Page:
Welcome to the world Georgia Quinn.

We woke up at 5:00 a.m. like we typically do. The night before I was in quite a bit of pain. Del and I were in the middle of arguing about nothing, and every time he’d state his case the baby would make a sharp move that caused me to cringe. “She seems to only be moving when I say what I think,” he joked.

On my morning walk I started timing my contractions. Braxton Hicks seems to be something that my body loves (although I’m not as big of a fan). The week prior I thought I was going into labor because I was having contractions three minutes apart for an hour – and then they just stopped. But from 5:00 a.m. to 6:30 a.m., they went from every eight minutes or so, down to seven, then ranged between four to six minutes.

Around 7:00 a.m. I told Del to pack the car. We had a 9:00 a.m. check up with my obstetrician, so we were weighing whether to go to the hospital’s labor floor or go to the doctor’s appointment. We opted to go to the doctor’s appointment early.

Del’s mom has been watching Carly, and she came over at 8:00 a.m. I wasn’t sure if I was really in labor or if it was Braxton Hicks. But at one point Del was taking a very long time to pack something in the car. Instinctually I yelled, “You need to hurry up because we have to go!”

On the walk into the obstetrician’s office I had to stop walking when I had a contraction. When they did the COVID screening at the front door they asked if I needed a wheelchair. Every woman was giving me the look of “Girl, you’re in labor.”

My obstetrician did the normal checkup. He checked to see how dilated and effaced I was and said, “No change since last week.” In that moment I thought Braxton Hicks was going to drive me to insanity. Then a contraction hit me, and my obstetrician said “I was just kidding. You are five cm dilated and we’re admitting you right now.”

They wheeled me to the labor floor. They got the usual IVs going and did all the paperwork. And then my body took over.

After 45 minutes I told our nurse that within the next three contractions I was going to deliver the baby. I told her to call our doctor now and get him in here.

I did one more contraction and knew I was closer. I did another and I knew I was closer still. I asked her to check whether I was at 10 cm, and she said with one more contraction I probably would be. The last contraction took hold and the doctor walked in. He checked me over and said, “You’re ready to have this baby.”

From the time the doctor walked in to the time he left – it took nineteen minutes. I pushed twice. Before I pushed the first time they did a quick reminder of what I had to do. I repeated it back and gave it everything I had. While pushing out I let out a gigantic scream. To which the doctor replied, “You held that note a long time.” I waited for the next contraction to hit and then did one more amazing push.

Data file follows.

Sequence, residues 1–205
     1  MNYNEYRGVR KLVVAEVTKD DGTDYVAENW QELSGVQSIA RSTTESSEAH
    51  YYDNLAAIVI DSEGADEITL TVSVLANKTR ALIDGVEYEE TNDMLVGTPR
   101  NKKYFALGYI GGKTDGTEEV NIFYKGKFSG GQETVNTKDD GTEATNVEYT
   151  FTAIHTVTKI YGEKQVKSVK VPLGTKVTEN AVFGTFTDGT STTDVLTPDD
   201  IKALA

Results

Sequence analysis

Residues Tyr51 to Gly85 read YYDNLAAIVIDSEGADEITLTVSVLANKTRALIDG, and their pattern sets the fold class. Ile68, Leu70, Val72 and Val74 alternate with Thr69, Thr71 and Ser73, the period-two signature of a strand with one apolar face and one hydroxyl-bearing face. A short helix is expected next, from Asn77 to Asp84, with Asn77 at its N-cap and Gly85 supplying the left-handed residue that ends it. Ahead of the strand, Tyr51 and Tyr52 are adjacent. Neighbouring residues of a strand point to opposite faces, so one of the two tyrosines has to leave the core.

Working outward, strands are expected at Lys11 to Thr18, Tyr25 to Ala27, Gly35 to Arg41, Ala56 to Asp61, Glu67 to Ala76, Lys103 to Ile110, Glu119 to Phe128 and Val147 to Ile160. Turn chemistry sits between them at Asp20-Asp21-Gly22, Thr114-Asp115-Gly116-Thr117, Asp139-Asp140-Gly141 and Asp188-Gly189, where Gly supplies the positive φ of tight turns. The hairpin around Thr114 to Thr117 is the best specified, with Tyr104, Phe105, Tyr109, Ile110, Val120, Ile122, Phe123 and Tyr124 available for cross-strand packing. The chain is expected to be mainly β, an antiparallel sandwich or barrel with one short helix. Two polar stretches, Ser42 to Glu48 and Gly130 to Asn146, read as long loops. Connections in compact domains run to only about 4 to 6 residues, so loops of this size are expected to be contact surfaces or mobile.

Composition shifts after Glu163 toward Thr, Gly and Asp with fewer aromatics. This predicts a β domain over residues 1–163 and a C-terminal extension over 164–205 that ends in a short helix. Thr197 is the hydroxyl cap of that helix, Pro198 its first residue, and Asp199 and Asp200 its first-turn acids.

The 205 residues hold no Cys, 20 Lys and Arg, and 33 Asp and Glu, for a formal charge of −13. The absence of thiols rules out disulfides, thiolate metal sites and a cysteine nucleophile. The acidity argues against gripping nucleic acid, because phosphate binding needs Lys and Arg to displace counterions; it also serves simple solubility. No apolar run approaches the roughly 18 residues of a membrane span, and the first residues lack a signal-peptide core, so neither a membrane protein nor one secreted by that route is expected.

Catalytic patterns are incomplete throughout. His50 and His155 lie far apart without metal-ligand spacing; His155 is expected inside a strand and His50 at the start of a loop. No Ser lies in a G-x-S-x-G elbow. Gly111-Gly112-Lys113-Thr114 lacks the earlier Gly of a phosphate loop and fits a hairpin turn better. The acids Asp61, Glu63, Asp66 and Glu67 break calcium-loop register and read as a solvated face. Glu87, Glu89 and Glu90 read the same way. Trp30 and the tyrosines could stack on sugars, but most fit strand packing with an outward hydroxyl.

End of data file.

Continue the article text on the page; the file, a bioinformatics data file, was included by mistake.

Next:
Georgia Quinn Belcher came into this world at 11:09am. She is perfect. Dark hair, silver eyes, and my chin.

They handed her to me and she breastfed right away. My greatest fear is that she would not eat well, and God decided to settle that for me right away. Its a gift for which I’ll always be grateful.

Through this experience I learned how amazing my body is. I told everyone my due date of July 2nd was wrong and I was going to give birth sooner. I was right.

When I doubted whether my Braxton Hicks were real contractions, my instincts took over and told Del to pack the car faster.

When they asked if I wanted pain meds I said no. First of all, I’m not sure they could have gotten them to me fast enough. Second, my body told me I could do this. I went through 10+ years of severe neck pain. I knew I could handle a few hours of labor.

I knew she’d be there in three contractions and she was.

I knew I could push her out quickly and I did.

My body has a history of trauma. Trauma from others, trauma from accidents. Sometimes I’m frustrated at my high cortisol levels and the fact that I feel everything. However, all of those moments led me to this one. They have put me so in touch with my body that my labor was nothing short of a very fast miracle (Why have a meeting that could have been an email?).

Once again God made a beautiful thing out of me.